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Drawing plans or diagrams

Viewpoints || Set up frame || Adding line drawing || Putting in colour || Adding your labels || Arrows or not? || Make a heading

1. Your first task is to decide what viewpoint to use.

Look at this diagram, to see what viewpoint you will be using. A bird's eye view is usually essential, so you can see where everything goes.

If you are doing one of a house, for example, you would draw it from the point of view of a bird flying over the top, and pretend the roof wasn't there.

Side views are often called elevations. They show what something will look like when you are standing in front of it, or beside it.


2. Now draw up a frame. If you are doing it by hand, make sure you use a ruler. If you are doing it on the computer, use a rectangle tool, rather than separate straight lines. Make sure the corners are right angles, and all the lines are straight. Don't forget to leave room for your title or heading!


3. Do your own line drawing to fit in the frame. Use thin, neat lines, and draw as carefully as you can.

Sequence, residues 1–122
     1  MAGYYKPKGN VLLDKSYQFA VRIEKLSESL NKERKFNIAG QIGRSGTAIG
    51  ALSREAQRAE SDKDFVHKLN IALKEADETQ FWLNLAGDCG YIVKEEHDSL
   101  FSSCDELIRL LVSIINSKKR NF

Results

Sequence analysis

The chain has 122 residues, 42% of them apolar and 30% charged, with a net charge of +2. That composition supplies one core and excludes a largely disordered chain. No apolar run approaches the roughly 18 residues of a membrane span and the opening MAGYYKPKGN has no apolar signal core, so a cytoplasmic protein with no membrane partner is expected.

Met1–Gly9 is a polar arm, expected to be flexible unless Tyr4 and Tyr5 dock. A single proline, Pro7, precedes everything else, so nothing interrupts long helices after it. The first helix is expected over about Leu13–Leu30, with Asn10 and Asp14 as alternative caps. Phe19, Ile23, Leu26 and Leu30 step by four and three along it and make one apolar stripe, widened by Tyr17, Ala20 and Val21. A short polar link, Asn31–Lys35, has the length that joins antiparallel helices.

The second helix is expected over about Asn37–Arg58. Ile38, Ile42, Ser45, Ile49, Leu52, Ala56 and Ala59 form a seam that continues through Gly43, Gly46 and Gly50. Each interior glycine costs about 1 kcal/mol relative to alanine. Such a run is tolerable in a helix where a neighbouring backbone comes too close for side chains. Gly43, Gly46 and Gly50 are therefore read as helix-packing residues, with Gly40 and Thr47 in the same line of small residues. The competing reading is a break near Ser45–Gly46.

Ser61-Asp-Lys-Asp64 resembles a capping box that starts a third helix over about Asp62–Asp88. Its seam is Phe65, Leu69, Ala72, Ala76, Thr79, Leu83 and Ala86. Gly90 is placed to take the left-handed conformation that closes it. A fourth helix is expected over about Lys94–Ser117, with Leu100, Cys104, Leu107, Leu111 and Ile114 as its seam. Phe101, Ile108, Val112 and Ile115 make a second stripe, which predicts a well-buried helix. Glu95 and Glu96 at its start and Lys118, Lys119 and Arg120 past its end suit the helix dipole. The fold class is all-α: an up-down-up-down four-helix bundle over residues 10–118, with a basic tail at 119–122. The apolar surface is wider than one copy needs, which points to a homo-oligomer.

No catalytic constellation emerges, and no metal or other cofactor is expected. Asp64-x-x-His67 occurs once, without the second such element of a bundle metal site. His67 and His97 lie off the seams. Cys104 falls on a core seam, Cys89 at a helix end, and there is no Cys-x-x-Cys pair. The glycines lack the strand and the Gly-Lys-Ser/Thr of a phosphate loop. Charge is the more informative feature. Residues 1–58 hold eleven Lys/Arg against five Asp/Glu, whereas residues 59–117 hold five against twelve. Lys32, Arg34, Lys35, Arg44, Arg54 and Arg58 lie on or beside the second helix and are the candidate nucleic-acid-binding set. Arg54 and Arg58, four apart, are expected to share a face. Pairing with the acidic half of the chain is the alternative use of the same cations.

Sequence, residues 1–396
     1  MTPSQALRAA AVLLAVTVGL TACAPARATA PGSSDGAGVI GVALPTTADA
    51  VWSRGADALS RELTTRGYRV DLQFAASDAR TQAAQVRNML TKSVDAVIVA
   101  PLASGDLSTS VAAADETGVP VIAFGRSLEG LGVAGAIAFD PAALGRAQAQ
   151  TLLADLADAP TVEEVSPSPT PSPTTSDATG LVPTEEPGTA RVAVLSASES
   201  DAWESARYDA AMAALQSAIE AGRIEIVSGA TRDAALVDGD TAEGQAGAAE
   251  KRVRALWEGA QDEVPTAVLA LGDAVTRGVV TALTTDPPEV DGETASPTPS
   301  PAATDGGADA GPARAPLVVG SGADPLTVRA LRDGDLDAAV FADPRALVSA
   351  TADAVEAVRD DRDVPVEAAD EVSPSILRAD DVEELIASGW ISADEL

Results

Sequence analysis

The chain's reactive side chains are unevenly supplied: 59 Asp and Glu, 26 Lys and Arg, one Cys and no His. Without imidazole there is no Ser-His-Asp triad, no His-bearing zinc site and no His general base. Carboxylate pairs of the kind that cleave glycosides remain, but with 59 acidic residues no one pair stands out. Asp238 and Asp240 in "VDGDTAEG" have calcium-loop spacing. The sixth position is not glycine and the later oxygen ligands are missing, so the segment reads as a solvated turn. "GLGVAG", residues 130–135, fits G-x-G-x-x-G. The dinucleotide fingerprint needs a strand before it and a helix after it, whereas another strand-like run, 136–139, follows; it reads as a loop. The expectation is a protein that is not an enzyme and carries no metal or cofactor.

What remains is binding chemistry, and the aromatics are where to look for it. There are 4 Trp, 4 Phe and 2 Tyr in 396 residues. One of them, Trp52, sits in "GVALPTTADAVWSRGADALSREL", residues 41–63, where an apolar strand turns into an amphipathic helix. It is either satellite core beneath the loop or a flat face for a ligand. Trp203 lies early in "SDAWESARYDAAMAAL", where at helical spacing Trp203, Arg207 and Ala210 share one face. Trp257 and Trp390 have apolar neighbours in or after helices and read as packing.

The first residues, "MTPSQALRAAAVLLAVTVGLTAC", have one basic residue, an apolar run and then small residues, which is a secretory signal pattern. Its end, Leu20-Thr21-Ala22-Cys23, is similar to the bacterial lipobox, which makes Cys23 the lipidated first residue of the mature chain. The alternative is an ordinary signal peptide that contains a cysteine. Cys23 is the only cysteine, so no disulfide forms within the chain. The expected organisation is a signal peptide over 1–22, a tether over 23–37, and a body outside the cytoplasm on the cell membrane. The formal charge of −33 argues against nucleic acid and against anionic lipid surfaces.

On the left is an example of a side view, and the right hand diagram is a bird's eye view of a room.


4. Now you can decide whether or not to add colour. It may make your diagram look better, or it may completely spoil it, so make the decision carefully.

What do you think? The colour probably adds to the simple side view, but is a bit confusing on the bird's eye view.


5. Neither of these diagrams or plans are very clear yet - it is hard to see what they mean. We need to add labels to explain what each item is. You can see that the colour makes it a bit hard to read some of the labels on the right. Always remember to keep your colours light so that you can read the black writing. You can't read it if it is on top of a dark background.


6. Do you need to use arrows? Look at the examples above. Where the label is on the top of the item, an arrow pointing to it is silly. You only need to use arrows if the object is small, and the writing is beside it.


7. Now you should add your title or heading. The plan or diagram is not finished until that is there. On the left, there is room to put the heading in the big empty space at the top, but usually you would put it across above the plan or diagram, like the one on the right.

In the end, the best bird's eye plan is the black and white one - the colour is confusing, and doesn't help understand what things mean. But the coloured side view is good, so we will stick to colour in that example.  


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